Kneading it Out

Massage therapy is more than self-indulgent pampering

By Lisa Cleary
|  Thursday, Feb 10, 2011  |  Updated 11:54 AM EDT
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Kneading it Out

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Book a massage to zone out and zen-in.

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Booking a massage doesn’t always mean a self-indulgent, pampering, blissful day at the spa.  Many overlook massage therapy as a way to alleviate tight muscles and sore joints.  In fact, it’s one of the oldest healing arts designed to physically and mentally stimulate the body.

Marlene Bruce, a nationally certified massage therapist (N.C.M.T.), licensed in D.C. and Virginia, explains that forms of massage include techniques like effleurage (gentle strokes), petrissage (deeper compressions, kneading), tapotement (vibrations) and stretching. 

Massage therapists will often use their hands, knuckles, elbows and even feet to apply pressure, and they may also stretch the muscles and limbs of clients to promote flexibility and increase range of joint motion.  Types of massages include those that promote general relaxation like Swedish, deep tissue to relieve muscle tension, hot stone and so on.

Oftentimes, muscles need to be stretched back to their natural positions, instead of the unnatural, trained stance the muscles may normally take on during the workday.  In particular, leaning hunched over at a computer for eight hours a day is bound to contribute to the daily aches and pains of a distressed neck and back, among other things.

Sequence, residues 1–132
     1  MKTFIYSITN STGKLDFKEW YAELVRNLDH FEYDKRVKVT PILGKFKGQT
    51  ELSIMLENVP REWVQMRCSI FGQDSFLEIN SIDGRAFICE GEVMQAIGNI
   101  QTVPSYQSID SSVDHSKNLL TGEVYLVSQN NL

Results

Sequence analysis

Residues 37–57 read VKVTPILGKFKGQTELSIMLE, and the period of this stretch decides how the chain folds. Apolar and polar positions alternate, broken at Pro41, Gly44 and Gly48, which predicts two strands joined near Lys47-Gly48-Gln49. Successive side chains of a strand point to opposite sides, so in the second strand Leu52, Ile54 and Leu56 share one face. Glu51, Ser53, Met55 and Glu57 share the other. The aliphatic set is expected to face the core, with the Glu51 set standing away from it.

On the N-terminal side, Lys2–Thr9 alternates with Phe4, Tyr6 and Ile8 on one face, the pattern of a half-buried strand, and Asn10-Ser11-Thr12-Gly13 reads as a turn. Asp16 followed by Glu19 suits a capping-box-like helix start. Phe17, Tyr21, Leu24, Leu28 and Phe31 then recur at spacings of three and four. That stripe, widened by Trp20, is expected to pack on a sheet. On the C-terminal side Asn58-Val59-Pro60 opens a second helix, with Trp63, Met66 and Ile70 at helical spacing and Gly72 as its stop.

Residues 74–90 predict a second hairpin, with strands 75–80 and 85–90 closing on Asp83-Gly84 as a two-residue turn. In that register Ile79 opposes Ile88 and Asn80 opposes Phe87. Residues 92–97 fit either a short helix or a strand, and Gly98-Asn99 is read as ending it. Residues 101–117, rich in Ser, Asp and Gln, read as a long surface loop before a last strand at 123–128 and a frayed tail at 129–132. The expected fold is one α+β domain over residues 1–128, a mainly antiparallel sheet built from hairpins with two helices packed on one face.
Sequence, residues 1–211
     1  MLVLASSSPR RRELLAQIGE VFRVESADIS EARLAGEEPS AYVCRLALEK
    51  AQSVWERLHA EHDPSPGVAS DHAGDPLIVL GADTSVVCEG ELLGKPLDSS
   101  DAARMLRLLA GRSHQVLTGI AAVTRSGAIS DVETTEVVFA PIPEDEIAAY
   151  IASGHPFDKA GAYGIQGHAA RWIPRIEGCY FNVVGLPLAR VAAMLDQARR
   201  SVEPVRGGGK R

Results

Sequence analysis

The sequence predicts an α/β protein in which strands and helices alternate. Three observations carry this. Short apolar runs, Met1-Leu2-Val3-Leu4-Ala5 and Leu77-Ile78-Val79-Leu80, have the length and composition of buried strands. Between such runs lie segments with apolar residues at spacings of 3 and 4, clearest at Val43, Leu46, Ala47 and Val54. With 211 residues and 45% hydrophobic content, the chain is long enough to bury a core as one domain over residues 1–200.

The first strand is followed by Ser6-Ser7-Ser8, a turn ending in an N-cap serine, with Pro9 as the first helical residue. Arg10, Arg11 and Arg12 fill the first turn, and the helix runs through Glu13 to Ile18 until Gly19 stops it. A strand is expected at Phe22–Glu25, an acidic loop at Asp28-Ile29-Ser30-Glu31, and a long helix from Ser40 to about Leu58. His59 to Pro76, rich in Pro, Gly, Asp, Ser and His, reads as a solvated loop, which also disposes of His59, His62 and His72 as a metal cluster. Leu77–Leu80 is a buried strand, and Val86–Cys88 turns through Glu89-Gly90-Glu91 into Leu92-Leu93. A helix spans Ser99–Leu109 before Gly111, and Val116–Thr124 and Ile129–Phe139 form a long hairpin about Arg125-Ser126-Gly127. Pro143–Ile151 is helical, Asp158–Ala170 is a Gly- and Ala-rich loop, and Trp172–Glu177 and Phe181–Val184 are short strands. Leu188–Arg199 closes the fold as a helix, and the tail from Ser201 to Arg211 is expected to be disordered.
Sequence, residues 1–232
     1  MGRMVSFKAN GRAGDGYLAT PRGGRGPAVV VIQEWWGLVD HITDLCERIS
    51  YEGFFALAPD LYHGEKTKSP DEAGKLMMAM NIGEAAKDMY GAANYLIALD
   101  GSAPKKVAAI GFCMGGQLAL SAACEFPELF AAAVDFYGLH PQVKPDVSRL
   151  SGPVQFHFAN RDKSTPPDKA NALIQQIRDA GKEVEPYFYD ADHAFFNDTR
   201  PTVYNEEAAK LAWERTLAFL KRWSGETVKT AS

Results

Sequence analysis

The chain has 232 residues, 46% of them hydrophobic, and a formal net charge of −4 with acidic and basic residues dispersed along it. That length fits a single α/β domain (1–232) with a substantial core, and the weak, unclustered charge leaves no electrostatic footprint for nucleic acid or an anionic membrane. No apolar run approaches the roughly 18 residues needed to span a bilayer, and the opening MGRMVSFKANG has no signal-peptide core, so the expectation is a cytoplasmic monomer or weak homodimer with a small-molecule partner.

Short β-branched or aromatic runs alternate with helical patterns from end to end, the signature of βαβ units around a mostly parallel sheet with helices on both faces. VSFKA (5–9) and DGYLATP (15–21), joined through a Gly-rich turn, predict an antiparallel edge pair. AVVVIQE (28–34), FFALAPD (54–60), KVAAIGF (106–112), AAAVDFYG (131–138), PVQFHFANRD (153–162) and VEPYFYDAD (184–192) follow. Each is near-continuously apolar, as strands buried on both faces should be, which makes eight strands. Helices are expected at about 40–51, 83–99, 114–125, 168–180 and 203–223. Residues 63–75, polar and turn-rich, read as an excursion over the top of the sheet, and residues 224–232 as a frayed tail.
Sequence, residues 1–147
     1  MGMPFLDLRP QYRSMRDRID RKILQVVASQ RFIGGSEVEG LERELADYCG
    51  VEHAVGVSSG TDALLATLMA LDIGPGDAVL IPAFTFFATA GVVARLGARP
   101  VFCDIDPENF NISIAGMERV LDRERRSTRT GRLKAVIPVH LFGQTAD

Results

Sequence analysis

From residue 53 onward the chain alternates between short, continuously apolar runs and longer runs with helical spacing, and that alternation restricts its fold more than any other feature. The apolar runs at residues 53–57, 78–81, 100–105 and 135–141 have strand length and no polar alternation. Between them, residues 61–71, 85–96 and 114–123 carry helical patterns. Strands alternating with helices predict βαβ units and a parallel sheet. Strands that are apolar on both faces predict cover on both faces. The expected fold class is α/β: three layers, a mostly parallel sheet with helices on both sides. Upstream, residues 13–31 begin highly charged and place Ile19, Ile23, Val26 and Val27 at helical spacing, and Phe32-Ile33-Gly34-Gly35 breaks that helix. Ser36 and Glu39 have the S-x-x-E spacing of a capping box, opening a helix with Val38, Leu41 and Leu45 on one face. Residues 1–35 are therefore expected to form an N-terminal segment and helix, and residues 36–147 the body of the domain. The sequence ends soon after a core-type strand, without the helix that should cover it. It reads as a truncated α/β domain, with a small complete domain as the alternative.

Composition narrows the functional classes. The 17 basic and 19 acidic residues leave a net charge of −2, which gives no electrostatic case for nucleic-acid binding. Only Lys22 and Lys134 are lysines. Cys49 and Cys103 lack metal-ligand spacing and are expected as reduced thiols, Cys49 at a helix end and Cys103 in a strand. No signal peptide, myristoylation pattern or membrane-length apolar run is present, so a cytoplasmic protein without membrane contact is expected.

Pamela Moyer, Licensed Massage Therapist  (L.M.T.) and owner of Eye Street Massage Therapy on I Street, explained that “sitting for hours hunched over a desk or computer can throw your neck out of alignment and cause pain and tightness in the neck, shoulders, and upper and lower back.  It can also shorten the hip flexors, the muscles that bring your legs towards your body, causing tightness and a tilt in the hips, further contributing to low back pain.”

In this sense, massage therapy can relieve muscle-related pain as it supplies oxygen to the body, including the muscles.  Massages further increase circulation and help the body to rid of toxins at a faster rate.  (That’s why, after a massage, therapists recommend drinking lots of water so that the body can flush its system faster.)

Bruce specializes in orthopedic massage, which is a medical form that addresses physical ailments like acute or chronic pain (for instance, resorting again to the neck and back).  Types of orthopedic massage include myofascial release, which targets the connective tissues of the body, as well as trigger point therapy that targets areas that radiate pain to other sites.

“Orthopedic massage focuses on restoring pain-free range of motion throughout the body and integrating complete structural balance.  Special attention is given to correct assessment of the problem, proper treatment and client self-care.  All work is done without discomfort to the client,” said Bruce.